One of the few upsets at this year’s tepid Academy Awards was Precious beating Up in the Air for Best Adapted Screenplay. The film had won scripting awards from the Writers Guild of America, the National Board of Review, BAFTA, and the Golden Globes—but there was some backstage turbulence, which director and co-writer Jason Reitman unintentionally draws attention to on the DVD. He begins by saying that the disc’s commentary track was recorded on Dec. 7, two days after the movie’s limited release, and before the Pearl Harbor that had allegedly broken out between him and co-writer Sheldon Turner went public. Reitman, who shares the mike with cinematographer Eric Steelberg and first assistant director Jason Blumenfeld, says that his wife helped him on the script, but Turner’s contribution, perhaps tellingly, goes unmentioned.
Now, it could be that Oscar voters read the novels on which Precious and Up in the Air are based, paid close attention to how the films compared, and made an informed choice. Yeah, right. The likelier scenario is that the rumors hung in the Air, and that Oscar decided that the 32-year-old Reitman, with this film, Thank You for Smoking, and Juno to his credit, and despite a prior directing nomination for the latter, was somehow unworthy of its honor. And so Up in the Air—whose Best Actor nominee already had a trophy, whose two nominated Supporting Actresses cancelled each other out and were powerless anyway in the path of Mo’Nique, and whose shots at Best Director and Best Picture were in a world of Hurt—went home winless. The Photoshoppy cover art of the DVD and Blu-ray adds insult to the injury of its also-ran status.
Don’t believe it. I was happy to see my No. 1 film of last year, The Hurt Locker, win Best Picture and Director, but Up in the Air was, and is, my wingman. Conceived as a satire, then reshaped into something more empathetic and nuanced as the recession dug in, the film makes no great statement on the way we live now, and is all the better for that. Rather, it offers many smaller observations on work, and love, and lifestyle, as seen through the prism of Ryan Bingham—not the one who won an Oscar for Best Song, but the corporate downsizing executive played so wonderfully by George Clooney. Bingham is a master of those in-between moments—faceless flights, overnight stays in featureless hotels—that most of us look at as a chore. That skill equips him for his job, getting rid of employee dead weight as quickly and as reassuringly as possible. (Non-actors, themselves laid off, play some of the newly unemployed.) But recent college grad Natalie (Anna Kendrick), who plans to automate his job function, and a fellow traveler, Alex (Vera Farmiga), who takes his love life off autopilot, ruffle Bingham’s composure on his rounds as he nears his personal goal of racking up 10 million frequent flyer miles. However the writing went down this is a film that truly multitasks, functioning equally well as a surprising romantic comedy, an insightful look at the unemployment crisis, and an incisive portrait of a Teflon man on whom something finally sticks.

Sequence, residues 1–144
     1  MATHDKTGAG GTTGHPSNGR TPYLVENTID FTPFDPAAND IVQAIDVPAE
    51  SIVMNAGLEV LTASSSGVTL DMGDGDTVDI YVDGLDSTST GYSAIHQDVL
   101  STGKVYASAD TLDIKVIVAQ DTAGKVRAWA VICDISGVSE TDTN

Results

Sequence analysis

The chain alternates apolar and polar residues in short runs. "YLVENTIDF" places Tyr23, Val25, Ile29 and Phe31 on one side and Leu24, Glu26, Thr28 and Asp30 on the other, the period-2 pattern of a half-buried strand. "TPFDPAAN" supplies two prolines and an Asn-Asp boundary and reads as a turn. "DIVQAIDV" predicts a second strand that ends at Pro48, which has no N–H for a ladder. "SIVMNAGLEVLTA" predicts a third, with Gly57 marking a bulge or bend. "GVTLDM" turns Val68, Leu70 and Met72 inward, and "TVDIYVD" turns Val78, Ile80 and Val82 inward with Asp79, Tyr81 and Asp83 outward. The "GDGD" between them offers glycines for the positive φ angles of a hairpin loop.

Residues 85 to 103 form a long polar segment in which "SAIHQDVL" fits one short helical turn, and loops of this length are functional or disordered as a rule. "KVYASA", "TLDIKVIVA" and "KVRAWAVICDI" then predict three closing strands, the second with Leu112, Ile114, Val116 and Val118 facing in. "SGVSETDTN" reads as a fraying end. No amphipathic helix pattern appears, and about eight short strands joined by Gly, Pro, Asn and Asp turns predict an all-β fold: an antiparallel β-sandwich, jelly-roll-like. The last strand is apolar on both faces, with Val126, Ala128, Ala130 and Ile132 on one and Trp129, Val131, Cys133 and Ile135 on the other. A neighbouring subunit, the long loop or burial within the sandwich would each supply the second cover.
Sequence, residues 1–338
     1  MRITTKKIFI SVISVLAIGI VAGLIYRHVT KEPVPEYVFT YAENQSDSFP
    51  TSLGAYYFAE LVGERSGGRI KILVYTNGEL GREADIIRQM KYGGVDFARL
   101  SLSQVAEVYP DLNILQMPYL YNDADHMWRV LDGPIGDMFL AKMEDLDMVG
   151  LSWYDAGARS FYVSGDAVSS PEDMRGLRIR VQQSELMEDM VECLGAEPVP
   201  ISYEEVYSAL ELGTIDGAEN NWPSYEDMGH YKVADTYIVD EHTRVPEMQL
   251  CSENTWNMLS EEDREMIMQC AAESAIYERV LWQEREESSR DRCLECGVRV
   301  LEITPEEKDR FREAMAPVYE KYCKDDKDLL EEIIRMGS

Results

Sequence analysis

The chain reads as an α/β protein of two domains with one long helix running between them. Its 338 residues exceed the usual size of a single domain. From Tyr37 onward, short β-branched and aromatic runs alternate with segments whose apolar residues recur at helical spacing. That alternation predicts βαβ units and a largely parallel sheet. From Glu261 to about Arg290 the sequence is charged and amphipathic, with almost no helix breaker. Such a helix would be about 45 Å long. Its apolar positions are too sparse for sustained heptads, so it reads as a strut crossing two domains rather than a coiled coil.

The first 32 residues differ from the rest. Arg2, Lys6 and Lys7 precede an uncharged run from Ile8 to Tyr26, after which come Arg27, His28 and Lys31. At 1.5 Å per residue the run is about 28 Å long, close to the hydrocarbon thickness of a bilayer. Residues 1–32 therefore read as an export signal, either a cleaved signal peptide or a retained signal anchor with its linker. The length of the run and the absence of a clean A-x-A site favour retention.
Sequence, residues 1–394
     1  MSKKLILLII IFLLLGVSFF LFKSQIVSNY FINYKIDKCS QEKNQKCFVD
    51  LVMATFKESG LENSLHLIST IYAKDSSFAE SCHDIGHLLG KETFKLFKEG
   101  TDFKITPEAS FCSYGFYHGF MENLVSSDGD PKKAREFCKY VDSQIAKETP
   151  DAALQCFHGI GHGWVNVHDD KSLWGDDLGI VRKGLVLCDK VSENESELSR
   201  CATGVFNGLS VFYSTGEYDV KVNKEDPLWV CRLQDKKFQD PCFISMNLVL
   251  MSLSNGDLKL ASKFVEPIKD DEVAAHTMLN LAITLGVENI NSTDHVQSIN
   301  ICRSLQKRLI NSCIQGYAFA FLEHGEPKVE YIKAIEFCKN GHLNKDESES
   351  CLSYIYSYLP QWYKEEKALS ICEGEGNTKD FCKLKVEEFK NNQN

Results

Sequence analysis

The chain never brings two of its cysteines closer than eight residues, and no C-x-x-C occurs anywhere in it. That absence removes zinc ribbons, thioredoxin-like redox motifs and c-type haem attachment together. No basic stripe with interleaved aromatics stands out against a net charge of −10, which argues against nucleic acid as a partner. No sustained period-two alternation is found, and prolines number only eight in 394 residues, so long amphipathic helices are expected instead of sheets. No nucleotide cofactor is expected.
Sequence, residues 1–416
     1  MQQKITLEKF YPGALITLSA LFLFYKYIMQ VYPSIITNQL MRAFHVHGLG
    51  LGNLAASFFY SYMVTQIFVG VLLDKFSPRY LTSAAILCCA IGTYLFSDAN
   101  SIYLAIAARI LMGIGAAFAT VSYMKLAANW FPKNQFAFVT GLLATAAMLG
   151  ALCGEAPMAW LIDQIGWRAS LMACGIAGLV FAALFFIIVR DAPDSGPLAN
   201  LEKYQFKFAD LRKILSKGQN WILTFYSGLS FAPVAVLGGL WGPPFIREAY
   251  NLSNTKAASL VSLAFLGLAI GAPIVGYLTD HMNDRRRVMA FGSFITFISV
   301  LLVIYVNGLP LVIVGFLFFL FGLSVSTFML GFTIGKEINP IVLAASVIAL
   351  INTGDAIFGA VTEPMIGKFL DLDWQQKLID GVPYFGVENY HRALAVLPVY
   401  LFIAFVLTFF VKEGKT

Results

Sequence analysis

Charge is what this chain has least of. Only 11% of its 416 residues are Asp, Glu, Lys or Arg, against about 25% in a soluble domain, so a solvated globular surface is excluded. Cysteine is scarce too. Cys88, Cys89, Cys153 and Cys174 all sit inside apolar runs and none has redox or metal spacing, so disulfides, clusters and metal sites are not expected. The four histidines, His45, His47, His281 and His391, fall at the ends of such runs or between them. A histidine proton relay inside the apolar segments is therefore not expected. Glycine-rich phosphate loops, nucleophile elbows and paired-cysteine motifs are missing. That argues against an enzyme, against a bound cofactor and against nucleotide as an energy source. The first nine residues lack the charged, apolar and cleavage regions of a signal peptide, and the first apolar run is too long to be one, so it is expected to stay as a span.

The flying-high commentary takes in the difficulties of shooting in airports and hotel lounges (”my next movie will take place entirely in a house,” Reitman says), deciding whether or not dining scenes should incorporate eating and drinking, and song selection. Disc extras are otherwise coach class, and include a look at the filming of the terrific opening credits and a few deleted scenes, including a wisely excised sequence where Bingham imagines himself an astronaut. No matter: Steelberg’s impressive cross-country photography is perfectly preserved on the anamorphic widescreen transfer (1.85.1 aspect ratio), and Up in the Air itself, now free of its Oscar season burden, is the main attraction. Keep it in your backpack.
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